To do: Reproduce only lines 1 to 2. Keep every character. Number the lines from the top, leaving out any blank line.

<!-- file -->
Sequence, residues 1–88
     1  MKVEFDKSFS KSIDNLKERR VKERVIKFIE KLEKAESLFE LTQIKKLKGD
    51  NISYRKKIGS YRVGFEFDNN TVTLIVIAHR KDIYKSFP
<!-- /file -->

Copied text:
Sequence, residues 1–88
     1  MKVEFDKSFS KSIDNLKERR VKERVIKFIE KLEKAESLFE LTQIKKLKGD